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Journal of Virtual Reality and Broadcasting (jvrb)

JVRB - Journal of Virtual Reality and Broadcasting, 7(2010), no. 4.: For broadcasting purposes MIXED REALITY,
the combination of real and virtual scene content, has
become ubiquitous nowadays. Mixed Reality recording
still requires expensive studio setups and is often limited
to simple color keying. We present a system for Mixed
Reality applications which uses depth keying and
provides threedimensional mixing of real and artificial
content. It features enhanced realism through automatic
shadow computation which we consider a core issue to
obtain realism and a convincing visual perception,
besides the correct alignment of the two modalities and
correct occlusion handling. Furthermore we present a
possibility to support placement of virtual content in the
Core feature of our system is the incorporation of a TIME-OF-FLIGHT (TOF)-camera device. This device
delivers real-time depth images of the environment at a
reasonable resolution and quality. This camera is used to
build a static environment model and it also allows correct
handling of mutual occlusions between real and virtual
content, shadow computation and enhanced content
The presented system is inexpensive, compact, mobile,
flexible and provides convenient calibration procedures.
Chroma-keying is replaced by depth-keying which is
efficiently performed on the GRAPHICS PROCESSING
UNIT (GPU) by the usage of an environment model and
the current ToF-camera image. Automatic extraction and
tracking of dynamic scene content is herewith performed
and this information is used for planning and alignment of
virtual content.
An additional sustainable feature is that depth maps of the
mixed content are available in real-time, which makes the
approach suitable for future 3DTV productions. The
presented paper gives an overview of the whole system
approach including camera calibration, environment
model generation, real-time keying and mixing of virtual

and real content, shadowing for virtual content and
dynamic object tracking for content planning. 2012/04/21 - 18:57

JVRB - Journal of Virtual Reality and Broadcasting, 7(2010), no. 3.: This paper presents an empirical study of affine
invariant feature detectors to perform matching on
video sequences of people with non-rigid surface
deformation. Recent advances in feature detection and
wide baseline matching have focused on static scenes.
Video frames of human movement capture highly
non-rigid deformation such as loose hair, cloth creases,
skin stretching and free flowing clothing. This study
evaluates the performance of six widely used feature
detectors for sparse temporal correspondence on single
view and multiple view video sequences. Quantitative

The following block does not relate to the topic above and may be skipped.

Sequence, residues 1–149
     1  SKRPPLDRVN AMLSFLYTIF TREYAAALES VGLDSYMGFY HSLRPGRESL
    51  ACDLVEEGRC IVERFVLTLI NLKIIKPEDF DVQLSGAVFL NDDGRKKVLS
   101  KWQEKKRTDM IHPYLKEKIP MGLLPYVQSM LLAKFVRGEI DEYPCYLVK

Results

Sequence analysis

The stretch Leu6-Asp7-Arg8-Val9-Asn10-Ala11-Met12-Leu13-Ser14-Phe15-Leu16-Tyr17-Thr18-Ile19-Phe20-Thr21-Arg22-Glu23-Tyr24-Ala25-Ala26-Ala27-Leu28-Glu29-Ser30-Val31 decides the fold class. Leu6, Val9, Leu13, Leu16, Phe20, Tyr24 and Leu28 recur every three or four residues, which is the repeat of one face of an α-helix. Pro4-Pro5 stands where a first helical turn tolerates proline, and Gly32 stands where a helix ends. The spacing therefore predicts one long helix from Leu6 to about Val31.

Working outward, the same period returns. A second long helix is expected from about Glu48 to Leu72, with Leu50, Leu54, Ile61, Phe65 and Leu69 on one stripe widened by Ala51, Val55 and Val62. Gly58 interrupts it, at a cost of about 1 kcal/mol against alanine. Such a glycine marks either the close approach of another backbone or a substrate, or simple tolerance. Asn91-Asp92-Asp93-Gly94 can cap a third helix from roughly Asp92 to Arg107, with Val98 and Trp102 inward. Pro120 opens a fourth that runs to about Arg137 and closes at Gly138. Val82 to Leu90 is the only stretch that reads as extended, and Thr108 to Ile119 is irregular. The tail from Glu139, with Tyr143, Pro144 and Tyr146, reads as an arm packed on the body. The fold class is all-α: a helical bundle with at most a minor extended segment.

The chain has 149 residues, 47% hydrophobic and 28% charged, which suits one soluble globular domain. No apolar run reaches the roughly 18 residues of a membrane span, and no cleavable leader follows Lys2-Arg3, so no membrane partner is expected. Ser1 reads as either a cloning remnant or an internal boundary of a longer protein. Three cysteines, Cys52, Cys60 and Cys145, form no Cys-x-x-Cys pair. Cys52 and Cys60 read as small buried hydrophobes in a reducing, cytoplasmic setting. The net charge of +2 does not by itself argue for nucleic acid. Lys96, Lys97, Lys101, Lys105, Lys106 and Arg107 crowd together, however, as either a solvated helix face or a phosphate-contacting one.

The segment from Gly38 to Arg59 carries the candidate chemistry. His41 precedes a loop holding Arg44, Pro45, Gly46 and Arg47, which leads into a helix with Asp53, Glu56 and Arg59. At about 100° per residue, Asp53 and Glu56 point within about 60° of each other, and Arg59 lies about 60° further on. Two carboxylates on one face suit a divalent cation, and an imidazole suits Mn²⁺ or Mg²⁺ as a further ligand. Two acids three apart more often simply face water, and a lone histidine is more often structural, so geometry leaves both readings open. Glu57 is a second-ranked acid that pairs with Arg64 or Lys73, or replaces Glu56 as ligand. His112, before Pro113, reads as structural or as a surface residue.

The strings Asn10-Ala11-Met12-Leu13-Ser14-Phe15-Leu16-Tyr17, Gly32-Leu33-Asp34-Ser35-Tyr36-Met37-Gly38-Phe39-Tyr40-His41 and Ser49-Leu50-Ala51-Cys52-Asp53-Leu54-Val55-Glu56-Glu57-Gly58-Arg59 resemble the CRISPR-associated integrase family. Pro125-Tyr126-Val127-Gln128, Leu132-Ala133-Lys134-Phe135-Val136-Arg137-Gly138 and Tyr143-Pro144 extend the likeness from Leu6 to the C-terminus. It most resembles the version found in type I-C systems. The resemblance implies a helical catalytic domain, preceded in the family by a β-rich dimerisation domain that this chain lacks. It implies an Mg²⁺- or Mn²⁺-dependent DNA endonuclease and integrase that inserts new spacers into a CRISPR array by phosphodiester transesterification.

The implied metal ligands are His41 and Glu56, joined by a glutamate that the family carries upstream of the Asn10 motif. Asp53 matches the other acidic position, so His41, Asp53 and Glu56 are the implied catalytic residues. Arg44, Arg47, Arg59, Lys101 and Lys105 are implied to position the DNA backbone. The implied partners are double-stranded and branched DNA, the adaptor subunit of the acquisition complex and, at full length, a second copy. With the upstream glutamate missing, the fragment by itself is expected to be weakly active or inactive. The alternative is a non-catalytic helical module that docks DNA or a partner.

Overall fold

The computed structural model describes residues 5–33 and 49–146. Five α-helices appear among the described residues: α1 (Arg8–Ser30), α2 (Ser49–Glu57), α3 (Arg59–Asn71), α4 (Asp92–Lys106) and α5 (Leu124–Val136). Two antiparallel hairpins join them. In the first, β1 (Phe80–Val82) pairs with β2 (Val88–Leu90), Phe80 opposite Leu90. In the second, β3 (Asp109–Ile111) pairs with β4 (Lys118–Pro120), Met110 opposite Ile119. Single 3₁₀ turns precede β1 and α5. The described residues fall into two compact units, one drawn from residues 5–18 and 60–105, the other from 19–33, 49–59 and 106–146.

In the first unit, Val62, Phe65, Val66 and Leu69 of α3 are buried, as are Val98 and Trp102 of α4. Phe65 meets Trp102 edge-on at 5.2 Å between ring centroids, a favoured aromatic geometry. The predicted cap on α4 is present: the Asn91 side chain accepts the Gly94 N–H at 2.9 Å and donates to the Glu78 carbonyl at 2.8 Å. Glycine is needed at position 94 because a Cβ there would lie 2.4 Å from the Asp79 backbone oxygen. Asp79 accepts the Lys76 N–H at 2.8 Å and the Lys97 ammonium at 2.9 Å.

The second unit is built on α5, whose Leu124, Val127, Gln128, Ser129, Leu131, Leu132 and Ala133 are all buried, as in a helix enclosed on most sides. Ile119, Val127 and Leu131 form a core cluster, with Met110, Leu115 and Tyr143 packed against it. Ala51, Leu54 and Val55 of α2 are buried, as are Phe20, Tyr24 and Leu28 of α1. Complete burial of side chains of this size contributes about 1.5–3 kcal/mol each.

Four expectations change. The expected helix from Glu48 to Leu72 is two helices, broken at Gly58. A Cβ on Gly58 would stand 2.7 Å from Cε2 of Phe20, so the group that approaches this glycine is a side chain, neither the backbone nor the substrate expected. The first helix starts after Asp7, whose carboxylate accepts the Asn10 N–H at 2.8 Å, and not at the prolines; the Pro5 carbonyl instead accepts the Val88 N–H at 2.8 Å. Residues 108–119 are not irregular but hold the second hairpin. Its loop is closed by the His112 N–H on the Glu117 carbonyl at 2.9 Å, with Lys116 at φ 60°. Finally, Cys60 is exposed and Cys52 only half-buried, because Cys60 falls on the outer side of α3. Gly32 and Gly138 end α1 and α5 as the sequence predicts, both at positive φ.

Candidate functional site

evaluation is performed of both the number of features
detected and their temporal matching against and without
ground truth correspondence. Recall-accuracy analysis of
feature matching is reported for temporal correspondence
on single view and multiple view sequences of people with variation in clothing and movement. This analysis
identifies that existing feature detection and matching
algorithms are unreliable for fast movement with common
clothing. 2012/04/21 - 18:57

JVRB - Journal of Virtual Reality and Broadcasting, 7(2010), no. 2.: This paper presents different application scenarios for which the registration of sub-sequence reconstructions or multi-camera reconstructions is essential for successful camera motion estimation and 3D reconstruction from video. The registration is achieved by merging unconnected feature point tracks between the reconstructions. One application is drift removal for sequential camera motion estimation of long sequences. The state-of-the-art in drift removal is to apply a RANSAC approach to find unconnected feature point tracks. In this paper an alternative spectral algorithm for pairwise matching of unconnected feature point tracks is used. It is then shown that the algorithms can be combined and applied to novel scenarios where independent camera motion estimations must be registered into a common global coordinate system. In the first scenario multiple moving cameras, which capture the same scene simultaneously, are registered. A second new scenario occurs in situations where the tracking of feature points during sequential camera motion estimation fails completely, e.g., due to large occluding objects in the foreground, and the unconnected tracks of the independent reconstructions must be merged. In the third scenario image sequences of the same scene, which are captured under different illuminations, are registered. Several experiments with challenging real video sequences demonstrate that the presented techniques work in practice. 2012/04/21 - 18:57